The dogmas of the quiet past
For no reason in particular, there is an old Lincoln quote rolling around in my head today (Abraham, not continental). It comes from a message to Congress that was a precursor to the Emancipation Proclamation, when Lincoln penned the words “the dogmas of the quiet past are inadequate to the stormy present.”
Now, I’m still not entirely sure what that means, but it’s been rolling around in my head for the last few hours, so I just thought I’d get it out there.
Like most (if not all) of you, I watched at least some portion of the sound beating IU took at Wisconsin on Saturday. I was unable to watch from stem to stern, but I got the gist — not enough offense, not enough defense, not enough points, not enough hustle, not enough of anything for anyone to really find positives in anything but the final buzzer and those brief moments when it slipped from your mind that there was a game yesterday at all.
Now, it’s been suggested, in this space and in others, that I, specifically, am too easy on Tom Crean, too forgiving of the Hoosiers’ plethora of shortcomings as this season slowly turns the way of last.
But the truth is, folks, I understand. I really do. I understand how hard it is to watch this team play, and struggle as it does. There’s a standard Indiana fans expect, and it’s not being met.
And I know that for many of you, that standard isn’t measured solely with banners or wins-per-season averages, but simply with hard work, teamwork and commitment. The majority of you have (at least, I think you have) bought into what Tom Crean is selling — the rebuilding, baby steps approach that celebrates every move forward this team makes, and forgives most of its regressions.
But water will always boil when succumbing to intense heat, and so fans will become displeased when they see performances like the last three IU has managed. I’ve seen part or all of Northwestern, Ohio State and Wisconsin, and this time, I’ll agree with you, Hoosier Nation, your complaints are valid.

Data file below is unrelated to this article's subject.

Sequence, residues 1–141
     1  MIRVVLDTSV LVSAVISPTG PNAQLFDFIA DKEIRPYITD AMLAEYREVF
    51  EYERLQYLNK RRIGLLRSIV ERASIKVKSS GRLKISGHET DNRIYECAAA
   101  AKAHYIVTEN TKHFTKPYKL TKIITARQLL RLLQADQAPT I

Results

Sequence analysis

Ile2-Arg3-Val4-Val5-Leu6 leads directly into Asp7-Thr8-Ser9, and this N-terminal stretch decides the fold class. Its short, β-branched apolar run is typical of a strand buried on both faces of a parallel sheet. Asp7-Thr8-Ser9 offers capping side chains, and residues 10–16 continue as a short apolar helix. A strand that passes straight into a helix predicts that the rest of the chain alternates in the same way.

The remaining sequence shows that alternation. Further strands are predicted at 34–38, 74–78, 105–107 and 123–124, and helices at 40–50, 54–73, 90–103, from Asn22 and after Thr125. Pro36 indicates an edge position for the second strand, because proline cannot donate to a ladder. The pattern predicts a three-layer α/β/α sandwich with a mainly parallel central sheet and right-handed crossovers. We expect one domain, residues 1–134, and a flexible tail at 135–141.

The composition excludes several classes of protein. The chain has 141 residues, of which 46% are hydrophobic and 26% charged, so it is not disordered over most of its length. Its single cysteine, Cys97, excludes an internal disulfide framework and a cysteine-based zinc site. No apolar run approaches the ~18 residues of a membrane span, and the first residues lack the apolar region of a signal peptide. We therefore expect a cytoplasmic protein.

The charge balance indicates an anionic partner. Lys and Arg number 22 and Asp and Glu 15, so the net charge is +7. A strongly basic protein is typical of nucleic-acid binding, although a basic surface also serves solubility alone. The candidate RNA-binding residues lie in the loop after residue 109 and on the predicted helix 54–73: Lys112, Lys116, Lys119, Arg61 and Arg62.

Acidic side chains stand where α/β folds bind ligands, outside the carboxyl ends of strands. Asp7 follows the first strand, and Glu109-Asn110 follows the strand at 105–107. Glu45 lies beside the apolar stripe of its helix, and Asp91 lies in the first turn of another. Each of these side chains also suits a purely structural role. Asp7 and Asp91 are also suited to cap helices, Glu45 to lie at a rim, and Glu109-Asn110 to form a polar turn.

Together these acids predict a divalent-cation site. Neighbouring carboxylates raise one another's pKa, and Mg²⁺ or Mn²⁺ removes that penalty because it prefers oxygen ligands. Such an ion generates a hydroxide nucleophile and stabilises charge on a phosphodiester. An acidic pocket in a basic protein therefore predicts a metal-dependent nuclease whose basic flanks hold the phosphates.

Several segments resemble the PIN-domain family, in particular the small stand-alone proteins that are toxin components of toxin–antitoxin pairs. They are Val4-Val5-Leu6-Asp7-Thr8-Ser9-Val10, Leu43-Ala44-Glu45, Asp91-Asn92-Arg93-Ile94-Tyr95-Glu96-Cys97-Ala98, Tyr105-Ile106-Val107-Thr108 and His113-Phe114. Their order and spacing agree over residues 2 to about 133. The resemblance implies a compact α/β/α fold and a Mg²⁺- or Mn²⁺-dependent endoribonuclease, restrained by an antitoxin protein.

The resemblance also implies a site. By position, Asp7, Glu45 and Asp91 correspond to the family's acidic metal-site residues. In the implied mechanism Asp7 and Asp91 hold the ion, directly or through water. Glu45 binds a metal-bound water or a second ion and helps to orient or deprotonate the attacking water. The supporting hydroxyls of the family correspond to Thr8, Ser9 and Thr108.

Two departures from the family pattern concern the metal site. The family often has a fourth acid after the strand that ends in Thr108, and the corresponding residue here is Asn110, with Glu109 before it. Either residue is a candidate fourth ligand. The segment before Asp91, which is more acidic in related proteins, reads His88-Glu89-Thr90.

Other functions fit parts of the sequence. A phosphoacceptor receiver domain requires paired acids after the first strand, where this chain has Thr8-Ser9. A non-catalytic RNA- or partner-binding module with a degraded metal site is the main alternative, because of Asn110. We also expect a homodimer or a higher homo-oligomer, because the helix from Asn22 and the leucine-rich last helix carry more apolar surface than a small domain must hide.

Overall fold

Sitting inside Mackey Arena on Saturday, (I cover Purdue for the Times now, too) I recalled IU’s trip to West Lafayette last season, because of something Matt Painter said after the game. I don’t recall, nor can I track down, his exact words, but essentially, Painter sympathized with Tom Crean a little bit.
Every coach that had come through the door after beating Indiana praised the Hoosiers’ hustle, their tenacity, their drive. But Painter had been through the same sort of rebuilding project, albeit on a smaller scale, in his first years at Purdue. So when talking about Indiana, and all those intangible qualities they supposedly offered, Painter also checked himself, saying essentially (and now I’m paraphrasing) that he understood how Indiana felt, that after awhile, you just don’t want to hear about how hard you try if you aren’t winning to go with it.
Painter said he knew Crean didn’t want pity, but respect, and I believed that day that in Painter, Indiana had earned it from the coach of their most-hated rival.
The problem, as I see it, is that Indiana has even lost that. They’ve lost that spunk that at least made them endearing without replacing it with genuine results, at least in the last three games.